WASHINGTON – The Indiana House of Representatives announced Thursday that it will make changes to the state’s controversial law on religious freedom, which has engendered much criticism for allowing discrimination against homosexuals.
The head of the lower house, Republican Brian Bosma, said on Thursday he wanted to make it “very clear” that the law permits no leeway to “allow discrimination.”
Indiana Gov. Mike Pence, also a Republican, last week signed the law giving free rein to the state’s businesses to prohibit entry or deny service to homosexual couples in the name of “religious freedom.”
The legislation sparked a huge controversy and unleashed criticism not only from gay rights defense groups but also from businessmen, Republican and Democratic politicians and even the White House.
Bosma refutes those criticisms on Thursday and, although he did not specify what changes would be made to the law, he said that the text will reflect the fact that Indiana values everyone, including gays, heterosexuals, blacks, whites, religious believers and non-believers.
The message should be clear that Indiana is “open for business” welcomes everyone and does not discriminate against anyone, the lawmaker insisted.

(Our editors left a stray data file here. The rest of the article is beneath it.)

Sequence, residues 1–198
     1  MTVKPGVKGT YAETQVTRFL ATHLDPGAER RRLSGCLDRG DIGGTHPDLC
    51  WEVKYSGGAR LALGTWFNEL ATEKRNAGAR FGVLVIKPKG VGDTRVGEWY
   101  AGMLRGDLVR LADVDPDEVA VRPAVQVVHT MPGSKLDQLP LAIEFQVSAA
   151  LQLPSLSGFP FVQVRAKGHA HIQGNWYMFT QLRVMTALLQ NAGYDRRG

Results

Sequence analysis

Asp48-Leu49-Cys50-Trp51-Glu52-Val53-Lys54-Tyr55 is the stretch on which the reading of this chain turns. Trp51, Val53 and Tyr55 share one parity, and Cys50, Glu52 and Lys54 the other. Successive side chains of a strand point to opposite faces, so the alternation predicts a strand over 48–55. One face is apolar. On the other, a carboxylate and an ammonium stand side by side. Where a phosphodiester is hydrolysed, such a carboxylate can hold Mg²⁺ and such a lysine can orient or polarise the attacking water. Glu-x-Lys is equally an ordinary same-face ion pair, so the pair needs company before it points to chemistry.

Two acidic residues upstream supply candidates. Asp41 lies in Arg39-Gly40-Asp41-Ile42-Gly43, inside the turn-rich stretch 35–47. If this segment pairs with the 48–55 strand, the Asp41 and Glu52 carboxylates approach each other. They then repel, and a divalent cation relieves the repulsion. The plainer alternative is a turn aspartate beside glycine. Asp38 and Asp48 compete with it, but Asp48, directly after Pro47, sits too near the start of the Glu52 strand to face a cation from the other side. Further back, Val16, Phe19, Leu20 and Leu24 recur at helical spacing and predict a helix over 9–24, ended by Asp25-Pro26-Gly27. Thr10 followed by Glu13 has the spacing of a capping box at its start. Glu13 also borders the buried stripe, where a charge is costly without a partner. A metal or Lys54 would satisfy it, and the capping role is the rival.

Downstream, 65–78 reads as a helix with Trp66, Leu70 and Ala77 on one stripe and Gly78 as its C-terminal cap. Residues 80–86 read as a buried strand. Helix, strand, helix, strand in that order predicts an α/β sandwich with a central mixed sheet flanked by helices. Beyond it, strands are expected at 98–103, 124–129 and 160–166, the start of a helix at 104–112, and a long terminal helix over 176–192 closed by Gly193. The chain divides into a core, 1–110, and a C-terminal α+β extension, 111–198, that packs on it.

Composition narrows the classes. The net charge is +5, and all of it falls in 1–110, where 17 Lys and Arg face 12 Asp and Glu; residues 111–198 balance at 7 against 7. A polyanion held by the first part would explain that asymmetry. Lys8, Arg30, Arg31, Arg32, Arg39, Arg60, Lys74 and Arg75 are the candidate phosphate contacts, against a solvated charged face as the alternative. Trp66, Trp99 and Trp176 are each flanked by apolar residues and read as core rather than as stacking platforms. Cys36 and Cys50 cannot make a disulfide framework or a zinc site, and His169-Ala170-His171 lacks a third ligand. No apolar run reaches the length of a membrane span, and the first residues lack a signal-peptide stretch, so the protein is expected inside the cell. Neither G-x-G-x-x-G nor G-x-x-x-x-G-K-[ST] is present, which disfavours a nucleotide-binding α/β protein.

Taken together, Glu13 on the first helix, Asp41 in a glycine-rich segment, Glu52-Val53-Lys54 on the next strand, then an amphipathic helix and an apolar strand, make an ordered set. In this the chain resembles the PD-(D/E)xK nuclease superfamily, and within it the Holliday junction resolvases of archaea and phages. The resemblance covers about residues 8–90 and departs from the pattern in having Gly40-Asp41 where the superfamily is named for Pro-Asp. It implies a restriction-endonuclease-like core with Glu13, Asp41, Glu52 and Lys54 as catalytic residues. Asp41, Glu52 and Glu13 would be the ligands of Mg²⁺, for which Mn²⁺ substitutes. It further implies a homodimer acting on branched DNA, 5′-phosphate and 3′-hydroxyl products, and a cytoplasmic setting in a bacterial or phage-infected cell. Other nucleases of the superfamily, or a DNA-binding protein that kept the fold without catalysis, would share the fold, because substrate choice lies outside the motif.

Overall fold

On Wednesday, Pence had asked the state legislature to evaluate the changes that should be made to the law.
He said that the legislature had been unfairly criticized and mistakenly represented by the media, and he added that no discrimination of gays or lesbians would be condoned.
The possibility that the law would allow businesses and business owners to deny services to homosexual customers and consumers had put businessmen in the state against it out of fear that they could lose investment and sales.
The White House said on Thursday that the controversial law is discriminatory and goes against the interests of businessmen.
Apple CEO Tim Cook had come out against the law in an op-ed piece, calling it “very dangerous.”
And the Arkansas legislature had passed a law very similar to Indiana’s earlier this week but Gov. Asa Hutchinson refused to sign it asked state lawmakers to modify the text to guarantee that it would not allow denial of service to homosexuals.